With a nod to those of you who can’t believe you are still here to read this today, I’d like to turn the clock back just a bit and revisit the holiday scene of one household over a half-century ago.
It’s not a household I’m familiar with, of course. It’s just a picture I found in an old box given to me by a relative of a relative of my deceased first husband. Talk about being removed from the pertinent details! Sometimes, I don’t know why people assume I can work magic with these mysteries, but they do. Because I love all things family, people tend to assume I also love nameless family I’ve never met—or, in some cases, even the friends of these people.
Why this little sweet photograph was saved, I’ll never know. It came from the belongings of my first husband’s grand-uncle, William Samuel Bean. Or perhaps from his sister’s belongs—you know, the Aunt Leona who always kept me guessing.
It was a photograph tucked in a box of photographs, kept among the piles of stuff sifted through after an elder’s passing, whoever it was. The imprint on the card was a traditional holiday greeting: “Season’s Greetings and best wishes for 1955.” Beneath, it was signed, “Love, Helen, Sid & Diana.”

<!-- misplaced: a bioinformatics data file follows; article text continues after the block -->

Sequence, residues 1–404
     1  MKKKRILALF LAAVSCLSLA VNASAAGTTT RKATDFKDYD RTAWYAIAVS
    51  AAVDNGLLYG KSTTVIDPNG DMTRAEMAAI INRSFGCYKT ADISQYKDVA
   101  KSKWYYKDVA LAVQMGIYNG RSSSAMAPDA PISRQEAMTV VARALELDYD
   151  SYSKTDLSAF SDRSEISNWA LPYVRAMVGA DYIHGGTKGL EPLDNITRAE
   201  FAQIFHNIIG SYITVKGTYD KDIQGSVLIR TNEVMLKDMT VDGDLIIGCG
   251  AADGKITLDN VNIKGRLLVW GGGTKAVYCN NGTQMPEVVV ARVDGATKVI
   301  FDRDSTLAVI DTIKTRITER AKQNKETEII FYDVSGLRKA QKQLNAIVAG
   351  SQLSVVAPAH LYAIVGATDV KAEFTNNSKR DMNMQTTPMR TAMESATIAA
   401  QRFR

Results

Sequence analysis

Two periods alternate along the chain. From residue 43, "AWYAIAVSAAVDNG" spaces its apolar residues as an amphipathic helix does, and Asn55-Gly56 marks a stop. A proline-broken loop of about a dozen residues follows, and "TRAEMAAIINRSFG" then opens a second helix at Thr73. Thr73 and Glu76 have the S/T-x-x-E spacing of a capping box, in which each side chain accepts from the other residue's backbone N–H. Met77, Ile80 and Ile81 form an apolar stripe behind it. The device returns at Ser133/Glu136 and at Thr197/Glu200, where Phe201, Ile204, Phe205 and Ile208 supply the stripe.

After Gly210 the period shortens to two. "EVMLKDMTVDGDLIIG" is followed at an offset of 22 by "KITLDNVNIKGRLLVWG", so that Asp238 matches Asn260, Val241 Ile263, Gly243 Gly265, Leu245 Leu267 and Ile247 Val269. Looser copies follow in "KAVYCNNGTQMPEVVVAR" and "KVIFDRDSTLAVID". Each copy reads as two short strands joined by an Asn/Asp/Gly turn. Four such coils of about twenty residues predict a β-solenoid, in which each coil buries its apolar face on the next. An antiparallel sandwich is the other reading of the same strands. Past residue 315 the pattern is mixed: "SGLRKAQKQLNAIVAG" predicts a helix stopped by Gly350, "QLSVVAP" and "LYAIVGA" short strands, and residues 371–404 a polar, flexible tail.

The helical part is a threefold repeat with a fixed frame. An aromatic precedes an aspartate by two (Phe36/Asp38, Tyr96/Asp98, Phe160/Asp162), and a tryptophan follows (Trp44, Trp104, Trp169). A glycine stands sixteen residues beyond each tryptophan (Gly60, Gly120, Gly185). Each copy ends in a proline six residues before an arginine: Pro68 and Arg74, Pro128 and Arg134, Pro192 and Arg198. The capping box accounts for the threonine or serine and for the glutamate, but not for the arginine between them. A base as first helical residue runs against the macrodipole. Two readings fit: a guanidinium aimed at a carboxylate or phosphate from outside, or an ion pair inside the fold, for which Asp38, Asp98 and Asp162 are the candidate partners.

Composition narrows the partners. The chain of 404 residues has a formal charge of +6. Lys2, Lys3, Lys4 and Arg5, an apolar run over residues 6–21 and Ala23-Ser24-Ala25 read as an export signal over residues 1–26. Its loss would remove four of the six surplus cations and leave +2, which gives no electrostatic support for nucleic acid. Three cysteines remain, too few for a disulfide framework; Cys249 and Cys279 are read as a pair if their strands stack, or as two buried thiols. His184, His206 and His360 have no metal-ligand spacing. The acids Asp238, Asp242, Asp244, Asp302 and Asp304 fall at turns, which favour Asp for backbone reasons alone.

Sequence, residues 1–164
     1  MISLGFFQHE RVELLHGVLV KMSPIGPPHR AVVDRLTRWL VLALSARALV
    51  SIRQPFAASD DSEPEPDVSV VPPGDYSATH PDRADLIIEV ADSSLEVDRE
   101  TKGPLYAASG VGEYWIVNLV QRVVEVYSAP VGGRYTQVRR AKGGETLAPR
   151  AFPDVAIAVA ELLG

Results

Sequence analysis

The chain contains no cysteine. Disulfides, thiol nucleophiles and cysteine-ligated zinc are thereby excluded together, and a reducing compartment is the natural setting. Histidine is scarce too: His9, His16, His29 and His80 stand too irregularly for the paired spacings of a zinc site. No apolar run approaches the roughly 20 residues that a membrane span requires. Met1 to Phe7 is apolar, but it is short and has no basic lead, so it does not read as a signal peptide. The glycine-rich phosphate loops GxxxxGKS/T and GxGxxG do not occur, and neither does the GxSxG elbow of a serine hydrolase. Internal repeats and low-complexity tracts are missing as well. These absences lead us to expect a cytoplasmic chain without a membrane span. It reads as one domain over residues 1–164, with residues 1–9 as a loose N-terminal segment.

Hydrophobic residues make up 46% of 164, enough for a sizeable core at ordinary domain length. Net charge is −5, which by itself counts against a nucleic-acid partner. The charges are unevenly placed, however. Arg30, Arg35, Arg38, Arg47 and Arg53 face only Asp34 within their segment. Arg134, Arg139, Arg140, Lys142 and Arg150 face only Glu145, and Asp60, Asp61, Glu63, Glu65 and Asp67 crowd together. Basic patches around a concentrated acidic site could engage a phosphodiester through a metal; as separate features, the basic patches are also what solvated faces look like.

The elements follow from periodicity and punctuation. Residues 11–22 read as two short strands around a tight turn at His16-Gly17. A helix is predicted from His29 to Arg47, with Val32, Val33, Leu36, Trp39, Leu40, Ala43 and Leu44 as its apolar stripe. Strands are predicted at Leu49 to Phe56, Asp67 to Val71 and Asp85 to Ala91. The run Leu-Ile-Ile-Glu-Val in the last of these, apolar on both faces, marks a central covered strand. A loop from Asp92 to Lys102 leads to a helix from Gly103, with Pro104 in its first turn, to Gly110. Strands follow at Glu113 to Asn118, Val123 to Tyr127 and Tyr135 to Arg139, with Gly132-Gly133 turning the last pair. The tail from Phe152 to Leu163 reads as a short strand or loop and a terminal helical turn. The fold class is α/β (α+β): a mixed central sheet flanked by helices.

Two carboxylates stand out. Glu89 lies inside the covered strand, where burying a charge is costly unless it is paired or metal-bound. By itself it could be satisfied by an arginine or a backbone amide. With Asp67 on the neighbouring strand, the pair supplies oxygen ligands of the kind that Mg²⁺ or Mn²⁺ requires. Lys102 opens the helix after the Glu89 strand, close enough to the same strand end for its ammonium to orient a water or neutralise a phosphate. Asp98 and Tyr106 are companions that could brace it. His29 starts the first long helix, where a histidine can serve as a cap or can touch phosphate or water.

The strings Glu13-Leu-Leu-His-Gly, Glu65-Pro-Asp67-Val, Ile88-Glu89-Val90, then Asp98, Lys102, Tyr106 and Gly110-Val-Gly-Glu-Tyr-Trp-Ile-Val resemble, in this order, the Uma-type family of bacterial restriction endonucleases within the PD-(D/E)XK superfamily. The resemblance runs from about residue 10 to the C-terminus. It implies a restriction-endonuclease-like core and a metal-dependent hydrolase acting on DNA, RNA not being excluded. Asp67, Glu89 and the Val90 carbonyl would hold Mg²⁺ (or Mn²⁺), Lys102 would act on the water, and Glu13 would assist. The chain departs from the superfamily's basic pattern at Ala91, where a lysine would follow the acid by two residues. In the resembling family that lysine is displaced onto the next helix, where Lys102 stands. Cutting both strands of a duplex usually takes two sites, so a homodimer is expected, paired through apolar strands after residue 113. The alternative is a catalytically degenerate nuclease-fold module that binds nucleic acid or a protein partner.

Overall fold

I tried my best to find any traces of online records connecting these three names with a date near 1955. No luck. I’m presuming the photograph was taken for Christmas, 1954, and that the young subject might have been around three years of age.
Whether family member or friend of either Bill or his sister Leona, I’ll never know. Whoever that little girl was—and I’ll presume she was Diana—I hope she is now preparing for another happy holiday, in a home blessed with a sweet young daughter (or more likely granddaughter) looking much the same as she did in 1954.
Cards like this remind me of the desire to connect that is behind the drive to research family history. The pictures call to mind the people in our lives—and all the circumstances that surround them at that point in time—and how we seek to preserve those memories and those connections. In our efforts to pass these collected memories to the next generation, we find ourselves gazing at what we once were, then looking back to the present and realizing how much our sons and daughters—and grandsons and granddaughters—look like we did when we were three.